Many of us join the military in search of a calling or a purpose, but some aren’t searching. They know exactly what they’re after. As a lifelong athlete, martial artist, and the son of a Marine, Rudy Reyes enlisted in 1998 and spent seven years as a reconnaissance Marine and scout sniper. Reyes’ 2003 deployment with 1st Reconnaissance Battalion during the initial invasion of Iraq was intimately detailed in Evan Wright’s award winning book “Generation Kill.” He even played himself in the 2008 HBO miniseries based on the book.
These days, the 44-year-old Iraq and Afghan War veteran works as a survival trainer, martial arts instructor, brand ambassador, and actor.
Reyes’ physical strength, military exploits, and insight into the early years of the Global War on Terror belong on the screen and in best-selling books. Fortunately, that’s already been done, so we asked Reyes about the other stuff, like the time he almost got the silver bullet. So, on to the good shit.
What’s the dumbest thing you ever did as a private?
One time early in freaking School of Infantry, it was super cold in DeLuz Canyon, where we were bivouacked — hard living out in the field — it was so cold I had my long johns on. When we got up, it was still freaking zero-dark-thirty and I thought, “Oh, okay, it’s so damn cold I’m going to leave my long john bottoms on.”
We go right into a 10-click movement up, down, and up DeLuz Canyon, and all of the marine layer burnt off. The sun’s burning right down on us. We finally get to our freaking objective and it’s about noon. I didn’t bring enough water. I was sweating to death. I almost went down as a heat casualty. I was about to fall off the damn cliff, but thank god one of my teammates behind me fell out and went down from the heat. They had to do a training time out, bring in medics, and, bro, it saved my life that one of my boys was just a little weaker than me, and I got to drink water when they brought the water buffalo up there. Never again would I ever operate with warming layers. That’s something I learned the hard way. But, thank god, some boot private was weaker than myself and fell out, because I almost went down and got the silver bullet up my ass.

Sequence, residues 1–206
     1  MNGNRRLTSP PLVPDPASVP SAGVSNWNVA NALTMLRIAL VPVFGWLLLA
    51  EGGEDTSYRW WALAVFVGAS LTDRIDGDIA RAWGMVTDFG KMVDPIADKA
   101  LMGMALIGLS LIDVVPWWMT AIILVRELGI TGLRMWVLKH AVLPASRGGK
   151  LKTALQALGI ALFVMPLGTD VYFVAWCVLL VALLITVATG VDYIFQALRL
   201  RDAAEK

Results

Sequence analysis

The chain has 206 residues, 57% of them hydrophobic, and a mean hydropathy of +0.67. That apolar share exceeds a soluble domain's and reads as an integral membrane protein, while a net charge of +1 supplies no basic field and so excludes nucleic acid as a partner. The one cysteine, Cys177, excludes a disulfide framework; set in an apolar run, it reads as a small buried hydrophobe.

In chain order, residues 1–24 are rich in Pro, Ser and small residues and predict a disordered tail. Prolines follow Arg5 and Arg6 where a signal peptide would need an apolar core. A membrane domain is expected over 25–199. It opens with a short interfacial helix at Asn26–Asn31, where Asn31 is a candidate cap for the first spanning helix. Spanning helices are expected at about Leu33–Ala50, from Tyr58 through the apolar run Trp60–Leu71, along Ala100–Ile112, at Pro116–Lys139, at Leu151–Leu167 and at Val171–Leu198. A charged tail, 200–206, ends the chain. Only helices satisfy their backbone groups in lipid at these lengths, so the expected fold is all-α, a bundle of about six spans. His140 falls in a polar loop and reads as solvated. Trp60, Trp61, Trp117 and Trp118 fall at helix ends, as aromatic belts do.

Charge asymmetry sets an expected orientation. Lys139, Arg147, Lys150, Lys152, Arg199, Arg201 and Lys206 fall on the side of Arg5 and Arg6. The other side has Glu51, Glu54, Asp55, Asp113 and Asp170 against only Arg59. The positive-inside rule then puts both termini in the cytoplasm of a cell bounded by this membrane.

Rip Its or Wild Tiger?
We did something called the soul snatcher.
The soul snatcher is an espresso machine that I had that just worked on an open fire, like in “Generation Kill.” I would make four cups of espresso as one coffee and then we would add Folgers freeze-dried coffee on top of the espresso, then a chocolate mocha powder mix and stir it up. We would make a whole Nalgene bottle of this super strong straight-up coffee mixed with crack cocaine (not really) and chocolate fire water and we called it the soul snatcher. We’d shake it up and you’d have one sip of this shit and you’d start convulsing, and boy, you would not fall asleep on watch. You would be fired up. You would also shit your pants. It would make you want to shit yourself right there. In lieu of the freaking soul snatcher, yeah we would go with the Rip Its.
Photo courtesy of Rudy Reyes.
Rudy Reyes in Iraq in 2004.
The zombie apocalypse kicks off, what’s the first thing you do?
Well, first of all, a warrior doesn’t get ready. A warrior is ready. My kit, as we speak, is already staged. I’ve got the six basics of survival and a rally point already with stuff staged where a few of my boys go out to a place to train.
Finish this sentence: You shouldn’t join the military if…
You shouldn’t join the military if you’re not prepared to die.